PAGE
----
Oil giant Woodside may have changed the game for big resources outfits back in April when it decided to direct more cash back to shareholders, but the real favourite among energy companies is Santos.
Overlooked and under loved for decades when its ownership was restricted by South Australian government laws, the company has reinvented itself since throwing off the shareholding shackles.
It second quarter production numbers this morning, however, have provided some disappointments.
After a weak March quarter, analysts expected a much stronger June quarter for it to achieve its guidance of 53 million and 57 million barrels for the year.
Instead, Santos has downgraded its full-year production slightly to between 52 million and 55 million barrels after a 5% decline in output for the June quarter to 12.4 million barrels. Revenue, however, was up 8% to $797 million.
Santos has found itself in a sweet spot because of its three tiered production profile: a unique mix of high-volume traditional sources, the imminent development of new territory about to come on stream and high prospective exploration areas.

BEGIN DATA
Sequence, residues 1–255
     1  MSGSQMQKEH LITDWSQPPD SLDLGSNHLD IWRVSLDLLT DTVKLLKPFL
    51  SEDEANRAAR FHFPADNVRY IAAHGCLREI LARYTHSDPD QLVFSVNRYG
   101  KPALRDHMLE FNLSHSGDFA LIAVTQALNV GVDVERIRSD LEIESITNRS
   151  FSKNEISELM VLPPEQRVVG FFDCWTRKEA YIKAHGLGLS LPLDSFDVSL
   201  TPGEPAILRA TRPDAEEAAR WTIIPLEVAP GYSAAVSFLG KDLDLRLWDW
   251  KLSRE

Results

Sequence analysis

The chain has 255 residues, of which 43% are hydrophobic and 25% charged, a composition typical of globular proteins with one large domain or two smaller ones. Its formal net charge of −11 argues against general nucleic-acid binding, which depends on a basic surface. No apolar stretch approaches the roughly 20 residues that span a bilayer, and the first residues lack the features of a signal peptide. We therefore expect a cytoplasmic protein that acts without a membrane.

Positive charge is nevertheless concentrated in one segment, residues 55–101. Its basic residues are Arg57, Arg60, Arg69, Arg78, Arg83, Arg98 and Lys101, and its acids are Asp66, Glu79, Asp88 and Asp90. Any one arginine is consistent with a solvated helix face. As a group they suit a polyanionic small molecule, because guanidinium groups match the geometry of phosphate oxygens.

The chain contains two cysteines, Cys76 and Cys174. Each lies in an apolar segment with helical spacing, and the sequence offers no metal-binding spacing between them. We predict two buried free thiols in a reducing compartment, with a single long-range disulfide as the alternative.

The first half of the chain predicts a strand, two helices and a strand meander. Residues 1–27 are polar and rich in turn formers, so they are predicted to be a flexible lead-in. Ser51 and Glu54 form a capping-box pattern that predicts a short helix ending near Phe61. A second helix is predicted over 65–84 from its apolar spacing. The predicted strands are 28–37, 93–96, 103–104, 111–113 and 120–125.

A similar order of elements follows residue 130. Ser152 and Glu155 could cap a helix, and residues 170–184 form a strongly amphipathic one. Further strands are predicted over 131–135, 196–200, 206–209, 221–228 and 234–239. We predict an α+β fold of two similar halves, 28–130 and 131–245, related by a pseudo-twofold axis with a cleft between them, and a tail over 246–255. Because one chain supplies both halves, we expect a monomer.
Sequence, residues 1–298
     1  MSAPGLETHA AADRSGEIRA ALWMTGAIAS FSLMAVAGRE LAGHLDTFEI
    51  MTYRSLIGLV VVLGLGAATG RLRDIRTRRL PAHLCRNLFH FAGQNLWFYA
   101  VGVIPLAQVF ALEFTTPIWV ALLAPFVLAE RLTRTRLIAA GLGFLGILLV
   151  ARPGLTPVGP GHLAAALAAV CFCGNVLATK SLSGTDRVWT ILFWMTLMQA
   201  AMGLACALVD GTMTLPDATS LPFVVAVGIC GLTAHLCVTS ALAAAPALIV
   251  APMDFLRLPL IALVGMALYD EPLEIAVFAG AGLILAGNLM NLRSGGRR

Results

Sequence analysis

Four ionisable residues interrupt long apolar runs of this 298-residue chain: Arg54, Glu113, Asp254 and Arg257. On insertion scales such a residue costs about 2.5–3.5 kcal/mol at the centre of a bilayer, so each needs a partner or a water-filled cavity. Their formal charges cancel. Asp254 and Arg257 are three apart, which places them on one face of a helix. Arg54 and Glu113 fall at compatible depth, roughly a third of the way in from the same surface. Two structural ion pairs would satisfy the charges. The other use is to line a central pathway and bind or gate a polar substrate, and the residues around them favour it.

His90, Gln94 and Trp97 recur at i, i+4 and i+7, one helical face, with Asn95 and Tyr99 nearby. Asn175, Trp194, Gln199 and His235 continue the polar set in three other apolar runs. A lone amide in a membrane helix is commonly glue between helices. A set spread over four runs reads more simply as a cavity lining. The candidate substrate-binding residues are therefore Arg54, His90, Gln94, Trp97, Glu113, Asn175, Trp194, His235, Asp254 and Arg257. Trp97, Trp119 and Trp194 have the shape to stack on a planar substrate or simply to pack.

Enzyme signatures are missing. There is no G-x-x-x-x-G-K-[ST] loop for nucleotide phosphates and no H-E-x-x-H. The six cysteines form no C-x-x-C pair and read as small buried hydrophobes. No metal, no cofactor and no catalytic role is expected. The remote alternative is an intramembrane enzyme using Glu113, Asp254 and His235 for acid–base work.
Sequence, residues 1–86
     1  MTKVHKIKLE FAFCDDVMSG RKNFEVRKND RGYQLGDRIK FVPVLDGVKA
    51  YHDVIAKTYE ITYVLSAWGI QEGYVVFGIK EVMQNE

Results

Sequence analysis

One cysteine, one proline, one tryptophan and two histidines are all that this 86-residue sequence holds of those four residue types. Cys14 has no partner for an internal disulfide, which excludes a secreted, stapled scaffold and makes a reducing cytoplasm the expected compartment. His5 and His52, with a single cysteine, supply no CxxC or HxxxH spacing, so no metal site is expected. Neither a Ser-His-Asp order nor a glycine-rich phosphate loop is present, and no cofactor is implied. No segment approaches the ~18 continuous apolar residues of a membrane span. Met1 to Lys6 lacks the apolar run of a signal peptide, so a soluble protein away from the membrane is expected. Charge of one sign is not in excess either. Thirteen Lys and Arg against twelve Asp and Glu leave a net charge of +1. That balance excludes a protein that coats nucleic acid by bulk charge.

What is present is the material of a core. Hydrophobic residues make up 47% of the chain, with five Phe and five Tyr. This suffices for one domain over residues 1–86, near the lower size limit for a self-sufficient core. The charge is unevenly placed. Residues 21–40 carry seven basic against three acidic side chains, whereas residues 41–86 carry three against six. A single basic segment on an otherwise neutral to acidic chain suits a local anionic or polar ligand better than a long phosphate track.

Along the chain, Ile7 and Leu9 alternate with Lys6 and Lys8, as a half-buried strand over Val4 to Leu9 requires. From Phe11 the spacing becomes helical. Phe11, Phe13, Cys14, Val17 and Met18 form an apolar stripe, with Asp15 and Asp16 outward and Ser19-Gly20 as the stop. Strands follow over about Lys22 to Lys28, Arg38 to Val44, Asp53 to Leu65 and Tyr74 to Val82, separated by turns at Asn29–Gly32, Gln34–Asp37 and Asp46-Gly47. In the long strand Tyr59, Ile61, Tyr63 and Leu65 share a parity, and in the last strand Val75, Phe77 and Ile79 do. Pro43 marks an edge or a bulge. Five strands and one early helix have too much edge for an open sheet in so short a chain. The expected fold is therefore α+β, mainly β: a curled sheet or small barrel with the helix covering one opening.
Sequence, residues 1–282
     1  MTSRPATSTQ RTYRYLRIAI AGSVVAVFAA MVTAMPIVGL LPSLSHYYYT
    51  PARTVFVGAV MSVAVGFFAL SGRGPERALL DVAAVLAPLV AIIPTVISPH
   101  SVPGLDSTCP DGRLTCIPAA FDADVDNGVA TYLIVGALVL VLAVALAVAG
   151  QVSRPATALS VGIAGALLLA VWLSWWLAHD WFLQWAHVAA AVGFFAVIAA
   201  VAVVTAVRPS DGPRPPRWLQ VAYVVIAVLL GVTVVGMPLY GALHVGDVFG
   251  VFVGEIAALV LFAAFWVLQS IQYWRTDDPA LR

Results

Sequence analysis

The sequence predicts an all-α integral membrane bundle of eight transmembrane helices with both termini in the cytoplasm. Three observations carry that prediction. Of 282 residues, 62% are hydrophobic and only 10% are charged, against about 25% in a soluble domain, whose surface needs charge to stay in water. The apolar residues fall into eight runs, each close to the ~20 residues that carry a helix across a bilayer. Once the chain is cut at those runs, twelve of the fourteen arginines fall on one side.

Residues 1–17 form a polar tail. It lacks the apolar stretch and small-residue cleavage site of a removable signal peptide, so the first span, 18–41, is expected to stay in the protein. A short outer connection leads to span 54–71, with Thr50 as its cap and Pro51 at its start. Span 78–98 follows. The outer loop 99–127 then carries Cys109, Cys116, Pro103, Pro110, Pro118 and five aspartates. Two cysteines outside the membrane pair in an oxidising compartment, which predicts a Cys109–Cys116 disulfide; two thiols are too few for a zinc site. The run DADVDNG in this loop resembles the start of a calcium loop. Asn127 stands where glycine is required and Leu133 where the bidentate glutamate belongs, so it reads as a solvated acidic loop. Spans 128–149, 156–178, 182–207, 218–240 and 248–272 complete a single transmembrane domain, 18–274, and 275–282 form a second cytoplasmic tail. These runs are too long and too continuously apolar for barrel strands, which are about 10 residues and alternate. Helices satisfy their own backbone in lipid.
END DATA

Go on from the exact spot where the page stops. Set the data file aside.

Its traditional gas production area in the Cooper Basin has been upgraded due to new improved extraction techniques and a recent joint venture with Drillsearch to lift output.
It also has enormous growth potential with its massive LNG project in Queensland and PNG and it has hit pay dirt as a 25% owner of a potential new gas field in the Carnarvon Basin off the West Australian coast (see Tim Treadgold's Santos fires up on LNG).
A lower Australian dollar also is expected to favourably impact the company. But most of the love for Santos relates to its Queensland LNG development. The project, now 60% complete, is running ahead of schedule with production likely to come on stream earlier than the scheduled mid 2015.
In addition, its PNG gas project should deliver a strong boost to cash flow next year, which will significantly alter the company’s financial dynamics.
Oil prices were up 1.5% overnight, which could help to overcome the disappointment from the production report.